As a team, we were 6th overall. It was a good showing, and right around where many US teams had placed in previous years. For the guys on the team, including myself, the race came at a time in our training when we were not looking to running really fast. Both Christo and Jake had run the Chicago Marathon six weeks prior, and I only had one more week of training since Twin Cities. The performance of the day had to go to Liz who ran 16:17 to run the fastest on her leg.

Post race we loaded in to the bus, but not after being hounded by our adoring fans. Actually there were only about a dozen kids that wanted all of our autographs and a few selfies, but it was pretty cool to feel a little bit like a celebrity.

Even though the race was finished, the day was not done yet. The organizers had a dinner and awards ceremony planned for all of the teams. After that we got together with a few of the other teams and had

The team post race. With our sash.

The team post race. With our sash.

Overall, it was a great experience, as it always is to be on a USA Team. Getting to experience a different country and culture is always interesting, even though we were tucked away in the mountains. The Japanese people were extremely friendly and attentive to making our experience the best possible. With that said I would like to thank the folks at the International Chiba Ekiden. They put on a fantastic event. The race was extremely fun, the crowd support phenomenal, and we were treated like royalty.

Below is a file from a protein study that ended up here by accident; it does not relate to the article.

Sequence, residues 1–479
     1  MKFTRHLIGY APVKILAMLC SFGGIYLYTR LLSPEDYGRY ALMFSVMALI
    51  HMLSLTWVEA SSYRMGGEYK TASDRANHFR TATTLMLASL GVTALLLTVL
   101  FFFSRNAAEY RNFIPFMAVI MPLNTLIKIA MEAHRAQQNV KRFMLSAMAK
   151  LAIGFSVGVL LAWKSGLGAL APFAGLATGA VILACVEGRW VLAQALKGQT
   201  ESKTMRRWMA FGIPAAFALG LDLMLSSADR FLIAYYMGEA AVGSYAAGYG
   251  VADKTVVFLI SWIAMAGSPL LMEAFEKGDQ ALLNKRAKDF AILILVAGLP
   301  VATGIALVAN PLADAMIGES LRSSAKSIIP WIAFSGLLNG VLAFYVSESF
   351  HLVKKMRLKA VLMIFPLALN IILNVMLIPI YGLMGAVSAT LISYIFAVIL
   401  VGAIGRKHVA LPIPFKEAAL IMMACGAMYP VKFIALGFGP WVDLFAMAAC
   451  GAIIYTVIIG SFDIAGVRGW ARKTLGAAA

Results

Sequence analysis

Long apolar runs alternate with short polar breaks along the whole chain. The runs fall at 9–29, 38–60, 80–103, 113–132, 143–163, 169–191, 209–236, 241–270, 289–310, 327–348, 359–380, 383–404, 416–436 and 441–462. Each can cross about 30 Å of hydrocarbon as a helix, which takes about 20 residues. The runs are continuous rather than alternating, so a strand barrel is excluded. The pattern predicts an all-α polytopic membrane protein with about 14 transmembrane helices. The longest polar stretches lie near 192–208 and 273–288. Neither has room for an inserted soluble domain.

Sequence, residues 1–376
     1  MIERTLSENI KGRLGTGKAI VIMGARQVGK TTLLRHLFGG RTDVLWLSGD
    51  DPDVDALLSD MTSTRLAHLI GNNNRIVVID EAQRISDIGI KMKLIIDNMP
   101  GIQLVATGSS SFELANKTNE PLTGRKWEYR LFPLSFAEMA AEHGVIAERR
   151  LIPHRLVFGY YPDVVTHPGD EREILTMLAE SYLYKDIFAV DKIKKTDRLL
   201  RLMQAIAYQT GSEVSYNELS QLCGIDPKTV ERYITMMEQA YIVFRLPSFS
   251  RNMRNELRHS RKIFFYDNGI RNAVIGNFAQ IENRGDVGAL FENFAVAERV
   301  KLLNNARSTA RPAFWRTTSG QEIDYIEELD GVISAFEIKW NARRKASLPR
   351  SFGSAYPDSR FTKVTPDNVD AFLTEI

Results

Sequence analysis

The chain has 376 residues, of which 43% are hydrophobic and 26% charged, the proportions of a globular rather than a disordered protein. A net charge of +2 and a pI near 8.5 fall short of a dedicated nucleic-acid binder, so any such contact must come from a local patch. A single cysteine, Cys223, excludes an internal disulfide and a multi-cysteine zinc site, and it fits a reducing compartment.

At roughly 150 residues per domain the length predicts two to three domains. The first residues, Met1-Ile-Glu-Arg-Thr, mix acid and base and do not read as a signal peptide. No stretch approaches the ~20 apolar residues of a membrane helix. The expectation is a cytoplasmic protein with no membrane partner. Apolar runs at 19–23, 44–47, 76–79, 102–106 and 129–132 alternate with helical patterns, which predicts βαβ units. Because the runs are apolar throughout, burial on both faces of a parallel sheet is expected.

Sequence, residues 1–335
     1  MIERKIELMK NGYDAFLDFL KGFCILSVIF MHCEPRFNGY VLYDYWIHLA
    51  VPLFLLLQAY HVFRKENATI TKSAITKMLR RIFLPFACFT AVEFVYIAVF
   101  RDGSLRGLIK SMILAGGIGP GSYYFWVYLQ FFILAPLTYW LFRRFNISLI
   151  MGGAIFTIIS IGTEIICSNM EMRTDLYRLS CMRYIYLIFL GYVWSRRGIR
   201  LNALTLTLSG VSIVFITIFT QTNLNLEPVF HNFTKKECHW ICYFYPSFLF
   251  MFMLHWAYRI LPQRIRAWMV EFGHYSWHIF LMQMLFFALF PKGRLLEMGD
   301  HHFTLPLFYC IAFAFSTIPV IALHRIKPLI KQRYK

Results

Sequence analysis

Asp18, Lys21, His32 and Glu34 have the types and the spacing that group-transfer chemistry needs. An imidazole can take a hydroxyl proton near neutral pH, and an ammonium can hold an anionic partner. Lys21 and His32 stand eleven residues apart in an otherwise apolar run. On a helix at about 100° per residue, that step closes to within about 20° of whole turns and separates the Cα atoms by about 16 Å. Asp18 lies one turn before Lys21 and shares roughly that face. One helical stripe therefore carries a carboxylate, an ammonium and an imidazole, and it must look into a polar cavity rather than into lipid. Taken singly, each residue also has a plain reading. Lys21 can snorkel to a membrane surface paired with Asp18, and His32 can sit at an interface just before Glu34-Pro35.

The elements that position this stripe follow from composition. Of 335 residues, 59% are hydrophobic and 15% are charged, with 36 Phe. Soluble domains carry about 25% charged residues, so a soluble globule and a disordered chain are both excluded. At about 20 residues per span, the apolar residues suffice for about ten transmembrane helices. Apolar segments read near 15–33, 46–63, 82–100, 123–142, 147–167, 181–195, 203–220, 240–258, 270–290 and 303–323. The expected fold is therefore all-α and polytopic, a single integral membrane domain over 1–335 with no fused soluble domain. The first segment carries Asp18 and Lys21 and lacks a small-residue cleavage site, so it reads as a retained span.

I would also extend thanks to USATF for sending my teammates and me to Japan. They work hard to increase the popularity and support of track and field in the USA, and trips like these are a great way for them to help the up and coming American runners.

My last thanks goes to Katie, Steve, and Dan. They were a great support staff. They made sure that we did not have to worry about anything besides the race. They were also fun to get to know and make some new friends.

USA Results:
Tyler Pennel               13:42   5km
Katie Matthews          16:13   5km
Christo Landry           28:55   10km
Liz Costello                16:17   5km
Jake Riley                   29:51   10km
Rachel Ward                24:15   7.195km
Total – 6th Place           2:09:13

Alternate Race, a 5000m on the track
Sarah Pagano               16:21   4th

2014 International Chiba Ekiden Results
Japan Running New Recap
IAAF Recap

My Photos:

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2 thoughts on “Turning Japanese

  1. Pingback: Training Log 11/23-29 | Website of Tyler Pennel